Franklin’s image of having great difficulty attracting businesses is well known. Compounding the problem are the occasions when the city can’t retain businesses.
SEPT 4, 2019
The Journal Sentinel reported that in May of this year Strauss announced it would have a new facility near West Ryan and West Loomis roads in Franklin.
Then in August it was reported Strauss would spend $58 million to develop a 175,000-square-foot plant near that intersection.
Those plans changed quickly.
One could understand the decision of Strauss Brands. The company has outgrown their Franklin facility. Milwaukee will sell 20 acres to Strauss for a paltry sum of $1. Milwaukee will also kick in $4.5 million in financing. A new federal program initiated by the Trump administration called Opportunity Zones offers tax breaks for investments in low-income neighborhoods like the one that includes Century City. The Franklin site is not in an Opportunity Zone.
There’s more to this story.
On August 8, about three weeks before the news broke about Strauss expanding in Milwaukee, the private equity firm Insight Equity announced the acquisition of Strauss Brands, a leading producer of ethically raised specialty meats including American grass-fed and organic beef, as well as humanely raised veal and lamb.
“Due to the growth of our grass-fed and organic beef offerings, in addition to our core veal and lamb business, we have simply outgrown our current production facility,” said Randy Strauss, chief executive officer and grandson of company founder Milton Strauss.
The following is critical.
Strauss continued, “The investment by Insight Equity will provide the capital we need to develop a new state-of-the-art processing facility in Franklin, Wisconsin, which has been our home for over 50 years. We are grateful to the leaders of the City of Franklin for their support of this transformative project. Our location provides us with access to a stable base of exceptional employees and is ideally located to provide reliable delivery solutions to our customers via our in-house long-haul perishable trucking division.”
So what happened between early August and early September causing Strauss to pull the rug out from under Franklin and dramatically change course?
Strauss Brands chief financial officer Jerry Bussen told the Milwaukee Business Journal that unlike the city of Milwaukee, Franklin had offered no financial incentives.
“At the end of the day, ‘free’ is hard to compete with,” said Franklin Mayor Steve Olson.
“Labor force is a factor,” Bussen said. “Many of our plant employees commute from the (central city) area now (to Franklin). For us it came down to availability of workforce and speed to building. It’s important with our growing business that we get the building erected soon.”
“Since 1937, we have proudly operated both in and around Milwaukee,” said Strauss, and “with the support of Mayor Barrett and Milwaukee economic development officials, we are excited to announce our return to the city of Milwaukee, home of our operational roots.”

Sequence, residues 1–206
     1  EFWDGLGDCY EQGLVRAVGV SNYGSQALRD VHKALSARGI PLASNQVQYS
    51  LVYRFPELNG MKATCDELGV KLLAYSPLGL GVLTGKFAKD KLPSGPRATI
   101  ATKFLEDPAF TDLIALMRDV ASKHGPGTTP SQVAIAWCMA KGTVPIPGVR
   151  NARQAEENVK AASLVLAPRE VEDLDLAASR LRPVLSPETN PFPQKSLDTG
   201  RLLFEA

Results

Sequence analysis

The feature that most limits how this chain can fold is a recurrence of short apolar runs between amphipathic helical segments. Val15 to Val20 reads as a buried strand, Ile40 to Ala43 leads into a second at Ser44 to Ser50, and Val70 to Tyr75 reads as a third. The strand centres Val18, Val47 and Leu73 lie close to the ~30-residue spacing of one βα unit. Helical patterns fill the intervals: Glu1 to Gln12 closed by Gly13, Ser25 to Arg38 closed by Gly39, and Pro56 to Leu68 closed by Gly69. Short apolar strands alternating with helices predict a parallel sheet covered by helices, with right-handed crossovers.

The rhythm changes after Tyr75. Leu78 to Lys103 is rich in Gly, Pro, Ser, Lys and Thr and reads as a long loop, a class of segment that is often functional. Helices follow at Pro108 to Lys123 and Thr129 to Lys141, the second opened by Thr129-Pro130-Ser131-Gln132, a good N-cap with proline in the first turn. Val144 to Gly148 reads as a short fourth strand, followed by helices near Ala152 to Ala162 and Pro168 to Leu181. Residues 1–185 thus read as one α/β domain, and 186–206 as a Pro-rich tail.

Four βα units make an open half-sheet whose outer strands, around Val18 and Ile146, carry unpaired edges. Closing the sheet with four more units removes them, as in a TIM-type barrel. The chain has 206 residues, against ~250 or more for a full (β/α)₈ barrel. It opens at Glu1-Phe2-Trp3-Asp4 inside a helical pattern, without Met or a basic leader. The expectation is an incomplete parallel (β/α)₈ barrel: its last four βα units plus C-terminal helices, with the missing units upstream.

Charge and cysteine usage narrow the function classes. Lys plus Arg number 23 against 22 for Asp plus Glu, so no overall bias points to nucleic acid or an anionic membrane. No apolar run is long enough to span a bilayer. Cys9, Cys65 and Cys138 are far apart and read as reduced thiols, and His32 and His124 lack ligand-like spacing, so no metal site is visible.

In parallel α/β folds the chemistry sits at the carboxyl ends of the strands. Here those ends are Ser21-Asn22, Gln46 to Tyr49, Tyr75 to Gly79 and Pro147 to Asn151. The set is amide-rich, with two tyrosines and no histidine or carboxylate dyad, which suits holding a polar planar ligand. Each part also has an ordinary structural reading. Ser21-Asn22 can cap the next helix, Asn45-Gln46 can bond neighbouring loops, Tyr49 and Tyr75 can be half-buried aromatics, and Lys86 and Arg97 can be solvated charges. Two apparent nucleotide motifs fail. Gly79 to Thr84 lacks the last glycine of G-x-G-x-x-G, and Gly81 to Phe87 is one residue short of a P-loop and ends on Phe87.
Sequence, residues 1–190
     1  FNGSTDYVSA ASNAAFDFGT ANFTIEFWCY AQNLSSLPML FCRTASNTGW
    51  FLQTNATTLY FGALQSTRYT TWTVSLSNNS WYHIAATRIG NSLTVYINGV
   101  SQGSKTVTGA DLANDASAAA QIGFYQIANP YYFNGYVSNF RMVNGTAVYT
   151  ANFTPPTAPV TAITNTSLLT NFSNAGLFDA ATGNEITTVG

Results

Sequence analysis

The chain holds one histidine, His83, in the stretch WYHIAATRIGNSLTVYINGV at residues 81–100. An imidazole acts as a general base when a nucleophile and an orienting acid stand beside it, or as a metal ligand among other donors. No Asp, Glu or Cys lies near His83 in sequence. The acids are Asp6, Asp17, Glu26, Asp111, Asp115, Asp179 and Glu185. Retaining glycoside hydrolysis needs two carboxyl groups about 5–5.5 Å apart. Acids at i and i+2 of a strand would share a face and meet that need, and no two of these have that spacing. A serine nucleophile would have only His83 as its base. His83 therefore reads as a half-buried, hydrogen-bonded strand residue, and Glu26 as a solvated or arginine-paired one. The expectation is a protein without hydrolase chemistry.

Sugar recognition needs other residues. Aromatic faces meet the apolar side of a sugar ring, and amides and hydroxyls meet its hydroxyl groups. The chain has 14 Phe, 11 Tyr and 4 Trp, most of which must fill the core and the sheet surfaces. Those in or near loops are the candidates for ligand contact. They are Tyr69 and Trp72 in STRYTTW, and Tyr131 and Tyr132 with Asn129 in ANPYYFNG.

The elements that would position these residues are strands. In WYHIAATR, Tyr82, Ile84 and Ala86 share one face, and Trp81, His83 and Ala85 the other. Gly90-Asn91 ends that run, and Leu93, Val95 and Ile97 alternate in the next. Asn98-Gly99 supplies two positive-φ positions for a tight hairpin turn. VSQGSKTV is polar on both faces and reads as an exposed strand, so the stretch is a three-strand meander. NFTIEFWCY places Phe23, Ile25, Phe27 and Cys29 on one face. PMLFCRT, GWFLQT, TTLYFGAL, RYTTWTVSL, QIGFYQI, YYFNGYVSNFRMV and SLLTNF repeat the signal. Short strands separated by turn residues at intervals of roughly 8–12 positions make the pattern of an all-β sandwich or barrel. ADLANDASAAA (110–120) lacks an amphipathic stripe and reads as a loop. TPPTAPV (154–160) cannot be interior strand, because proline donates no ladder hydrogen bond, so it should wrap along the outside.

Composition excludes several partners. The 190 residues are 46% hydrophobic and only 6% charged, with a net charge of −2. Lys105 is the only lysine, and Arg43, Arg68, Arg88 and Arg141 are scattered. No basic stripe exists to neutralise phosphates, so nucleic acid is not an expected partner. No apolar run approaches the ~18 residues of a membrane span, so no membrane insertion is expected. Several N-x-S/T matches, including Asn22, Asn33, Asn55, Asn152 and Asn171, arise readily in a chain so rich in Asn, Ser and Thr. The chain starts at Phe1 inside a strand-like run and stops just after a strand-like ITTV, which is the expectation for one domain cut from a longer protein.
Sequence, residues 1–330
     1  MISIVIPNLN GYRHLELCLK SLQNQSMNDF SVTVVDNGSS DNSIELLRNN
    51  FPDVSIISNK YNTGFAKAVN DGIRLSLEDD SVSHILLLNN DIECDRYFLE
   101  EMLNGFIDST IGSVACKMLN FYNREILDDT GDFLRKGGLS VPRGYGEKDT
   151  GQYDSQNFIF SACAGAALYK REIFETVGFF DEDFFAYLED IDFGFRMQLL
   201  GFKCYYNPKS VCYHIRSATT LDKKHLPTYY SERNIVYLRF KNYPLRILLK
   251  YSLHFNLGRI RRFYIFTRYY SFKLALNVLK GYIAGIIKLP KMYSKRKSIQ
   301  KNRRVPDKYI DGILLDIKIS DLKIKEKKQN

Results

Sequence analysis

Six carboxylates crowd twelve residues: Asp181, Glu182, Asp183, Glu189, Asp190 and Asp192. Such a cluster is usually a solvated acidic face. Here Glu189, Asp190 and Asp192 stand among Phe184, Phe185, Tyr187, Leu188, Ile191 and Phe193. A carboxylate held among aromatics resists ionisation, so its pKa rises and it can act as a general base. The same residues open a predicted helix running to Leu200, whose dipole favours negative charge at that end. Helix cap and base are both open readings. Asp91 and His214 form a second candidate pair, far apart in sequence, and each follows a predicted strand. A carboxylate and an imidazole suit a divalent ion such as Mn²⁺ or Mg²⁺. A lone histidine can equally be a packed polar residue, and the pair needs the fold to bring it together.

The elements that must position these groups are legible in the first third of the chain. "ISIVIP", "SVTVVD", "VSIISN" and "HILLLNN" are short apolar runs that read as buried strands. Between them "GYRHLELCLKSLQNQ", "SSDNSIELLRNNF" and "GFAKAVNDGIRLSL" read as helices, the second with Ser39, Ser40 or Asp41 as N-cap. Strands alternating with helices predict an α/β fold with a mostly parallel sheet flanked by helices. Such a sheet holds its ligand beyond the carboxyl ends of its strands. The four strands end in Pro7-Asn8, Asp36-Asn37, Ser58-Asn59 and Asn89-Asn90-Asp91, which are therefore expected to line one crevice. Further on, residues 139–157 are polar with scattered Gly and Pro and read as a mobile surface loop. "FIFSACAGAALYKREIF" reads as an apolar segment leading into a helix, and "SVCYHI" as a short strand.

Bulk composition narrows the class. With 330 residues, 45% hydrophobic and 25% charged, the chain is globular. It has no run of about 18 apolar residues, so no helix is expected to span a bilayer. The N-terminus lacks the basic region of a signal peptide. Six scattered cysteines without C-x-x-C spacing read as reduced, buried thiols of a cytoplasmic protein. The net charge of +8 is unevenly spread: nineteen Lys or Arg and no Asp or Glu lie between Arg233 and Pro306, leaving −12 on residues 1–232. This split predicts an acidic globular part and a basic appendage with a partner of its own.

As for Franklin, Mayor Olson said Strauss Brands filed for a site plan and special-use permit.
“We’re moving forward,” Olson told the Business Journal. “I know we have a deal. We have a signed agreement with Strauss. We’re going to honor our side of this agreement. We expect that they’ll honor it on theirs.”
Sure didn’t sound like it. Note Strauss’ Bussen said they need to move quickly and I’m guessing they didn’t want to deal with Franklin’s notoriously lengthy economic development process.
Olson said the city was studying possible options to pursue. It was reported at the time Strauss could continue running the Franklin plant after the Milwaukee plant opens.
Bottom line: Strauss made a business decision. Milwaukee offered a much better deal.
OCTOBER 8, 2019
The Milwaukee Common Council’s Zoning, Neighborhoods and Development Committee voted unanimously to approve a plan to relocate Strauss from Franklin to Milwaukee’s north side.
Under the plan Strauss would develop a $60 million facility at Century City Business Park. The move would bring 250 jobs to Century City with the potential of that number doubling. Groundbreaking was set to take place in November with a plant opening in the summer of 2021.
The committee also voted to support selling the 20-acre development site, including a possible additional 5 acres, for $1.
The stage was now set for the full Milwaukee Common Council to consider and vote on the plan on October 15.
“I expected it to be overwhelmingly approved,” said downtown Milwaukee alderman Robert Bauman. “At this point there is no doubt about this passing. There will be no further hearings. I will say a little prayer every time I pass the site as an act of contrition for all the killing that will be occurring.” He also stated that what Strauss preferred to call a “meat harvesting plant” was in essence a “slaughterhouse,” a term that stuck with the news media and Milwaukee residents.
FOLLOWING THE COMMITTEE VOTE…
The Strauss saga took another turn.
The proposal had been supported by the alderman for the area, Khalif Rainey, who called it “an achievement for the City” and “for the Opportunity Zones program that has encouraged companies to think of areas like this one in new ways.”
But quickly a group called “Slaughter-Free Milwaukee” flooded Common Council members with form letters in opposition.
“Slaughterhouses create many detrimental consequences and immediate impacts on neighborhoods, particularly disadvantaged ones,” the group said in a statement. “Pollution and stench arise, vulnerable workers are exposed to brutality which can lead to post traumatic stress disorder, violence increases in the surrounding areas and impacts property values.”
The group did not substantiate the claims. Department of City Development Commissioner Rocky Marcoux countered that “The company leads the industry in humane treatment of animals…They do not source their products from feedlots. They are free range. They are grass fed. Their veal is cage free.”